COUNTY PAYMENTS Treasurers of the following counties have made settlements with the State: Juan B. Castro, Monterey, $21,462.33; Thomas D. Boyd, Sutter, ?20,353 04; Giles E. Sill, Yolo, $55,446.88; J. H. Woods, Colusa, $24,088.32 ; O. W. Hollenbeck, Placer, $29,960.42; Mariposa, $8,515 01 . . . David P. Mallagh, San Luis Obispo, $9,194,43 . . . .

June 4, 1872, Daily Alta California, San Francisco
California Pioneers

At the regular monthly meeting of the Society of California Pioneers, held last evening, the following new members were elected: Wm. M. Siddons, Wm. H. Kruse, E. P. E. Kruse, E. F. T. Kruse, Francis W. Faulkner, David Mallagh, Ferdinand Vassault, Captains E. A. Poole, and J. T. McKenzie appointed a committee on decease of Captain David Van Pelt.

February 7, 1888, Daily Alta California, San Francisco

An Undutiful Son.

Juana de Mallagh, being in embarrassed circumstances, conveyed her property, which, was heavily mortgaged, to her son, that he might effect some compromise with her creditors. He compromised by giving them a portion of the property and received back to himself a deed to a portion. Instead of conveying it to his mother he kept it. The Court held it to be a trust, and orders the heirs of the son, who has since died, to convey the property to the mother.

China.

The Irish Way: Becoming American in the Multiethnic City (Penguin History of American Life)The Irish Way. Becoming American.
A lively, street-level history of turn-of-the-century urban life explores the Americanizing influence of the Irish on successive waves of migrants to America's cities.

The Irish Way. Becoming American. James R. Barrett.James R. Barrett
In this award-winning Penguin History of American Life series, James R. Barrett chronicles how a new urban American identity was forged in the streets, saloons, churches, and workplaces of the American city. This process of “Americanization from the bottom up” was deeply shaped by the Irish. From Lower Manhattan to the South Side of Chicago to Boston’s North End, newer waves of immigrants and African Americans found it nearly impossible to avoid the Irish. While historians have emphasized the role of settlement houses and other mainstream institutions in Americanizing immigrants, Barrett makes the original case that the culture absorbed by newcomers upon reaching American shores had a distinctly Hibernian cast.

By 1900, there were more people of Irish descent in New York City than in Dublin; more in the United States than in all of Ireland.

Barrett reveals how the Irish vacillated between a progressive and idealistic impulse toward their fellow immigrants and a parochial defensiveness stemming from the hostility earlier generations had faced upon their own arrival in America. They imparted racist attitudes toward African Americans; they established ethnic “deadlines” across city neighborhoods; they drove other immigrants from docks, factories, and labor unions. Yet the social teachings of the Catholic Church, a sense of solidarity with the oppressed, and dark memories of poverty and violence in both Ireland and America ushered in a wave of progressive political activism that eventually embraced other immigrants. Drawing on contemporary sociological studies and diaries, newspaper accounts, and Irish American literature.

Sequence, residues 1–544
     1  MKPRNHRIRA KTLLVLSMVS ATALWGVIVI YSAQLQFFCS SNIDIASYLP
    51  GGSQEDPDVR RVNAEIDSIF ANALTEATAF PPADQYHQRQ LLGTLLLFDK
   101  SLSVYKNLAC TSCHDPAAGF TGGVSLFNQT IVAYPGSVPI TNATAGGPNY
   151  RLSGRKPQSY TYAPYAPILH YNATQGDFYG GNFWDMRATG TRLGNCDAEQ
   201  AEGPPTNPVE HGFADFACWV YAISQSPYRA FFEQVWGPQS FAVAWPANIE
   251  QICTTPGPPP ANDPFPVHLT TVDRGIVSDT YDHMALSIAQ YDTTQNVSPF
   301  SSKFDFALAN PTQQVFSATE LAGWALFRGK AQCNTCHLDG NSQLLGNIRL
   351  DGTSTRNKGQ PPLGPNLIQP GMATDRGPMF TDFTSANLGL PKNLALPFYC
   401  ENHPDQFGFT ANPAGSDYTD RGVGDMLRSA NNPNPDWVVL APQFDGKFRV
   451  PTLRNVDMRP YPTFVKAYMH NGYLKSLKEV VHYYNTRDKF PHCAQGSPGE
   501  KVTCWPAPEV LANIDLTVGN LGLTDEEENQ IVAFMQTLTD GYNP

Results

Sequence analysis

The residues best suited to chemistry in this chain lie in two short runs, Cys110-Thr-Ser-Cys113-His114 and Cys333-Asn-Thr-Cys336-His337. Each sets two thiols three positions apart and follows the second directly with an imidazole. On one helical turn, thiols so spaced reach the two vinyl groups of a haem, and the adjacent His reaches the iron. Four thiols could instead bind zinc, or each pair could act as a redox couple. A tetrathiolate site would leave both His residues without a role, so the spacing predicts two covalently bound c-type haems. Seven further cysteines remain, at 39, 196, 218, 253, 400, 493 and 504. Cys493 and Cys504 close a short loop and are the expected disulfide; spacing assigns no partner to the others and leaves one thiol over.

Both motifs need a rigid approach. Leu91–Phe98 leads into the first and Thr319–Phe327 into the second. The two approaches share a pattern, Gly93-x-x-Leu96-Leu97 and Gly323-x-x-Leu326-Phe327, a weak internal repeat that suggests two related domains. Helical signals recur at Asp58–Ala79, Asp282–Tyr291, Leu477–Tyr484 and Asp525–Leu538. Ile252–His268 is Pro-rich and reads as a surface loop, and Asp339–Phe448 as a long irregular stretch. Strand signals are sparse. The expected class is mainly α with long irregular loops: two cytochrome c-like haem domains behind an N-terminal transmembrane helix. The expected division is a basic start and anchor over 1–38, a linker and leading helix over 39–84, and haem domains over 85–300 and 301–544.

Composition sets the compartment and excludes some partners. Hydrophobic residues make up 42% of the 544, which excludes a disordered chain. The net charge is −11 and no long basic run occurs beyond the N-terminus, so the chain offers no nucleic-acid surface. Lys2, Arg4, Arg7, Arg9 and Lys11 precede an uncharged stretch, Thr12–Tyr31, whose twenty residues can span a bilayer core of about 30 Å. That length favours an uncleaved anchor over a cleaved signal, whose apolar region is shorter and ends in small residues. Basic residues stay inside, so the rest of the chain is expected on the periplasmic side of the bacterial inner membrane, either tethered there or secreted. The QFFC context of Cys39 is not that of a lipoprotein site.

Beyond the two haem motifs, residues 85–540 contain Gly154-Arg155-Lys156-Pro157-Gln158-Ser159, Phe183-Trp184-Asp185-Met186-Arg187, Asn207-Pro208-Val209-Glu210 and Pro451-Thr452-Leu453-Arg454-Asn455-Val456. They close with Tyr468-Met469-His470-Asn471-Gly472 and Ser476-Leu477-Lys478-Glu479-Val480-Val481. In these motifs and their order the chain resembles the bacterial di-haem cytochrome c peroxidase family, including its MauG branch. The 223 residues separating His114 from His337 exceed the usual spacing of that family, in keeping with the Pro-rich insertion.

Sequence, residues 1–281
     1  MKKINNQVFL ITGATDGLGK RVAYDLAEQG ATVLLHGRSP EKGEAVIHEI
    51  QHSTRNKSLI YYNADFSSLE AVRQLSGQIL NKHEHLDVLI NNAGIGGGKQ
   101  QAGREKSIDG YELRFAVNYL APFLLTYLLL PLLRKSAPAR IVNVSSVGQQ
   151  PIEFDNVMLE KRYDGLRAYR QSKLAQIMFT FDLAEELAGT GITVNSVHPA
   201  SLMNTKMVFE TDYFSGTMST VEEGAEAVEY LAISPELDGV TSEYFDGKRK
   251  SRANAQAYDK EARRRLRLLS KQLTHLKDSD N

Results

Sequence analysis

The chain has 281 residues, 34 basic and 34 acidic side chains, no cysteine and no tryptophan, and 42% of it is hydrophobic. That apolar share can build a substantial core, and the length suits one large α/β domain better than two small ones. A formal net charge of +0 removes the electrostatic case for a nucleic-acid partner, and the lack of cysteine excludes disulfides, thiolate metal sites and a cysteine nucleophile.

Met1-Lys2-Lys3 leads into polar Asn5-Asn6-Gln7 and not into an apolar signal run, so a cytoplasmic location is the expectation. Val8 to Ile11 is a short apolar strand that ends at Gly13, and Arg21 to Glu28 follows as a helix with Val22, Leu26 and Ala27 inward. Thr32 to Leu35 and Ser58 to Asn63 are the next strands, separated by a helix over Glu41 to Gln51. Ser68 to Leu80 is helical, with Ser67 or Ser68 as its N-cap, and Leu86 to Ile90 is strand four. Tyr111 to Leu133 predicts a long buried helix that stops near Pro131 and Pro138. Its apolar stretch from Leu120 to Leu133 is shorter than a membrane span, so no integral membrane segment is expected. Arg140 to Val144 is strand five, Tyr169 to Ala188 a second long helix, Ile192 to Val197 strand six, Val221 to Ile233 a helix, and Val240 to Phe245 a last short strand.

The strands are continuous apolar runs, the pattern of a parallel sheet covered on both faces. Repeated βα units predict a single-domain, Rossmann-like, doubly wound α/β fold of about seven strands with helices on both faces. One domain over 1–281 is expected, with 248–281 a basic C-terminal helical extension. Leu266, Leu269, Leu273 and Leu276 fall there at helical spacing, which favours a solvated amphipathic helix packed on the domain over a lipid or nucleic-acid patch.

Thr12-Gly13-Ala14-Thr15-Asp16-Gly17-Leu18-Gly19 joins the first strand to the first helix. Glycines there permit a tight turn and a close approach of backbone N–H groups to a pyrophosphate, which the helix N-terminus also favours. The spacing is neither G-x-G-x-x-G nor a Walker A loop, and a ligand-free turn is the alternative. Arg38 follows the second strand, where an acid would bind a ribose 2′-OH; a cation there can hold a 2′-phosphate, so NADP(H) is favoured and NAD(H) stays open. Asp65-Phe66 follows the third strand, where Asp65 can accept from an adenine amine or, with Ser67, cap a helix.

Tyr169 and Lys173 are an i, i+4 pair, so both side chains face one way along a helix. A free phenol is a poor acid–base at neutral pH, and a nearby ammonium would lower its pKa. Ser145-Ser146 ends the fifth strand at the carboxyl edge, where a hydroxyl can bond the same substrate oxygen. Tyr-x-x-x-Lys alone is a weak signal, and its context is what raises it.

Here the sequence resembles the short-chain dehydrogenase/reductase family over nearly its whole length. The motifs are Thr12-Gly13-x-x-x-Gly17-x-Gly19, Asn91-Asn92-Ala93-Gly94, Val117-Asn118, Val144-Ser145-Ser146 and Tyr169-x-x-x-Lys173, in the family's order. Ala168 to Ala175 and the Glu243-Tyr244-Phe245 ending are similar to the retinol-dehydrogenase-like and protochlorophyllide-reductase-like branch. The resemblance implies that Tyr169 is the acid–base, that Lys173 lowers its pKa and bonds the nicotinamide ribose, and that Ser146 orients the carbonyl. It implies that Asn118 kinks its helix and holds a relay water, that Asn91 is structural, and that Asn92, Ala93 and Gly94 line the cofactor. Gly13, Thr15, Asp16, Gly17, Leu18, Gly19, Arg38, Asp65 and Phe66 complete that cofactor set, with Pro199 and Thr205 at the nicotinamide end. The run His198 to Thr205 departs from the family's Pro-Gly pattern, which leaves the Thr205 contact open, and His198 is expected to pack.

The Irish Race: In California, and On The Pacific Coast (1878)Irish in California.
Hugh Quigley


The Irish Americans
A History

Jay P. Dolan of Notre Dame University is one of America’s most acclaimed scholars of immigration and ethnic history. Although more than 30 million Americans claim Irish ancestry, no other general account of Irish American history has been published since the 1960s. Dolan draws on his own original research and much other recent scholarship to weave an insightful, colorful narrative. He follows the Irish from their first arrival in the American colonies through the bleak days of the potato famine that brought millions of starving immigrants; the trials of ethnic prejudice and "No Irish Need Apply;" the rise of Irish political power and the heyday of Tammany politics.

The Cross and the Shamrock Or, How To Defend The Faith. An Irish-American Catholic Tale Of Real Life, Descriptive Of The Temptations, Sufferings, Trials ... And Female Servants Of The United States.The Cross and the Shamrock.
Hugh Quigley
Written in the mid-1800s.

Irish Californians.
Irish Californians: Historic, Benevolent, RomanticIrish Californians.
Patrick Dowling has written a collection of brief biographies of Irish immigrants that he found admirable. Published when Patrick was 94, this book contains his personal choices of Irish heroes, entrepreneurs, and colorful characters, arranging from Timothy Murphy, who came to California before the American conquest, to Thomas Sweeny, who tried to invade Canada, to Eleanor Martin, who was the doyenne of San Francisco high society. Index and bibliography. 120 illustrations.